Opinion | Right-wing policy is Iowa’s worst enemy

Right-wing policy will push young people away from Iowa.


Gabby Drees

Protesters listen to a speaker at a pro-abortion rights protest at the University of Iowa’s Pentacrest on Friday, June 24, 2022. Around 350 people attended the protest.

Sophia Meador, Opinions Editor

All I want for Christmas is … reproductive freedom.

Sadly, the midterm elections diminished any opportunity for reproductive freedom for birthing people in Iowa. Gov. Kim Reynolds intends to reinstate the fetal heartbeat bill, which would ban access to abortion after a fetal heartbeat is detected — usually within six weeks of pregnancy.

The right-wing push against reproductive freedom will not only affect the millions of birthing people in Iowa. The right-wing policy agenda will drive more young people out of Iowa.

In the late ‘70s and ‘80s, the moral majority made it their mission to oppose reproductive freedom and LGBTQ rights. While the moral majority movement died off in the ‘80s, their rhetoric takes on a new form in the Republican party today.

According to AP Votecast, the only age group voting Republican by majority are adults 65 and older. The politics of baby boomers and Gen X have not been passed down to the majority of Gen Z.

In survey by Intelligent.com, 1,000 college students were surveyed in states where abortion access is illegal or will soon be illegal. The study found 20 percent of students plan to transfer to colleges in states where abortion is legal, and 25 percent are considering doing so.

In fact, the majority of young adults support access to abortion. According to Pew Research, 74 percent of adults under 30 say abortion should be generally legal, and that includes 30 percent of respondents who say abortion should be legal in all cases without exception.

Iowa is already facing a population decline. According to United Van Lines, more people are moving out of Iowa than moving in. In a poll conducted by Selzer & Co., 34 percent of Iowans ages 45 and younger are likely to consider leaving the state.

Like it or not, Iowa will not be better once the “libs” are gone.

Along with COVID-19, the great resignation has shown us the negative impacts of labor shortage: inflation, supply-chain shortages, and extended wait times. This will only get worse if young college graduates and workers leave the state.

On this path, Iowa can expect a worsening teacher shortage that will impact the future of your children and grandchildren’s education. Likewise, fewer doctors and nurses in hospitals will only contribute to Iowa’s lack of health care options.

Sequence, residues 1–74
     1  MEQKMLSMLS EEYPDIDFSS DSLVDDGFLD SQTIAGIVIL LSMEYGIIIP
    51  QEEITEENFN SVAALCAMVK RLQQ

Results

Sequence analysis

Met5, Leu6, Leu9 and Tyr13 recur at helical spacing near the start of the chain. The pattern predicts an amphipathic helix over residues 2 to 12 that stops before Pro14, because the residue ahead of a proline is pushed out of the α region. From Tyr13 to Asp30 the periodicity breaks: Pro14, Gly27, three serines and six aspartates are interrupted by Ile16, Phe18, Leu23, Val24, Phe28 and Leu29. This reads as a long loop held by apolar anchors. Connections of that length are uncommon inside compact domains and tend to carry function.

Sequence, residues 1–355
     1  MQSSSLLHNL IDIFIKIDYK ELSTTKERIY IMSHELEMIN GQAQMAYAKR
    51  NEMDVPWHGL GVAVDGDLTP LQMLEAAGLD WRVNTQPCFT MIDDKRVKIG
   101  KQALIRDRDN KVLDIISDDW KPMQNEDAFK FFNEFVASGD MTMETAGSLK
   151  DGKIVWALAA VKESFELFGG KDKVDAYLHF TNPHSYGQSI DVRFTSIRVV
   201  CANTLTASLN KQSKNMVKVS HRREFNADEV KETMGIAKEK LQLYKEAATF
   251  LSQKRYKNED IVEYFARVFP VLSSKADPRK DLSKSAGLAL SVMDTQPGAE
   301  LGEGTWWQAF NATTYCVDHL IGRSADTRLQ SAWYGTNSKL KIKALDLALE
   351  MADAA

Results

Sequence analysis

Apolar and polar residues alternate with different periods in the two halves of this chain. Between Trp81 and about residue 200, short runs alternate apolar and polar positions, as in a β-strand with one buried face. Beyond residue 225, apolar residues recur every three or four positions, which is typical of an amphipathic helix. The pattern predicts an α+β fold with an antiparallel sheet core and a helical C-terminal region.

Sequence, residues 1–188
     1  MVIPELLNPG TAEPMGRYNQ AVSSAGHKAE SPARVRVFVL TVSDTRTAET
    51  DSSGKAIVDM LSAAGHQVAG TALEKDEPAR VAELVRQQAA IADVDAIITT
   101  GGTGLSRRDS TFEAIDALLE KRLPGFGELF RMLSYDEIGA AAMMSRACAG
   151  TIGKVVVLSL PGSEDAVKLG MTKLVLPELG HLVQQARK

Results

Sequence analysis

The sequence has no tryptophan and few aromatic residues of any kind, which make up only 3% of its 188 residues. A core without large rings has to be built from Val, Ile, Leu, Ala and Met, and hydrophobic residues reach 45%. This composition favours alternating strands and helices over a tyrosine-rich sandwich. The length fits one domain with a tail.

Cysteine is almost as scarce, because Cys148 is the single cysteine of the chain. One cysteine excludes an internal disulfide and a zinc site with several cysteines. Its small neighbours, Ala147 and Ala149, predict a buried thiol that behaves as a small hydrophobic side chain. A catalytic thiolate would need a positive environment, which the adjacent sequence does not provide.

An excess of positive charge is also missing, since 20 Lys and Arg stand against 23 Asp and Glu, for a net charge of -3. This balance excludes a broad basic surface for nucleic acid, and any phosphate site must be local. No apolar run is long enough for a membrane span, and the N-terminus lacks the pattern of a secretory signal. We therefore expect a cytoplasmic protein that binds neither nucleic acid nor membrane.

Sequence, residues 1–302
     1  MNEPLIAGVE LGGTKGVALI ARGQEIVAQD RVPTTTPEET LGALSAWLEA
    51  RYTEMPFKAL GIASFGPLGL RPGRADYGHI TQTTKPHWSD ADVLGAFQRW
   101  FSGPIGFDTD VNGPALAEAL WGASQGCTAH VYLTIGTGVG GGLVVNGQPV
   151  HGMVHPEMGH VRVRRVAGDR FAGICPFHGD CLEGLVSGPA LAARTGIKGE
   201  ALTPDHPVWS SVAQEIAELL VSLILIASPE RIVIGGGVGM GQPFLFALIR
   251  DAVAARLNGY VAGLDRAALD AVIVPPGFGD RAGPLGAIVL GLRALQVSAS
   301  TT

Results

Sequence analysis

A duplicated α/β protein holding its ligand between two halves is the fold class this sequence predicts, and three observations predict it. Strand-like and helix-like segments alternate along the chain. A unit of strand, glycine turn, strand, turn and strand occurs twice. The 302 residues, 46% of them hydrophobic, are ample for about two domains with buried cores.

A shortage of educated workers would impact every job industry in Iowa. While right-wing policy is not the only reason young people don’t want to live in Iowa, it certainly doesn’t help.

People — especially young people — want to live in a state where they have access to expansive health care, quality public education, good infrastructure, and a growing economy. We want a state government that supports dignity and respect. Iowa simply does not provide that anymore.

I look forward to one day birthing children of my own. When that time comes, I intend to raise my children in a state where they have bodily autonomy. On this trajectory, I would not raise my children in Iowa.

I am not at all against pro-life beliefs and values. What you choose to believe is your own liberty. But you don’t have the liberty to impose your beliefs on others’ freedom. You can be pro-life and accept that other peoples’ bodily autonomy is not at your discretion.

Reproductive freedom is not the only issue Iowa is getting wrong. The limitless access to firearms, excessive parental choice in schools, and transphobic rhetoric does not make young individuals like myself want to plant roots in the state.

I have lived in Iowa my whole life. While I’m proud of my upbringing in the state, I am disappointed with where we are going. Frankly, it doesn’t seem like “Iowa nice” applies to us anymore.

Iowa needs to do better. It’s time we elect people who will govern for the future.

Columns reflect the opinions of the authors and are not necessarily those of the Editorial Board, The Daily Iowan, or other organizations in which the author may be involved.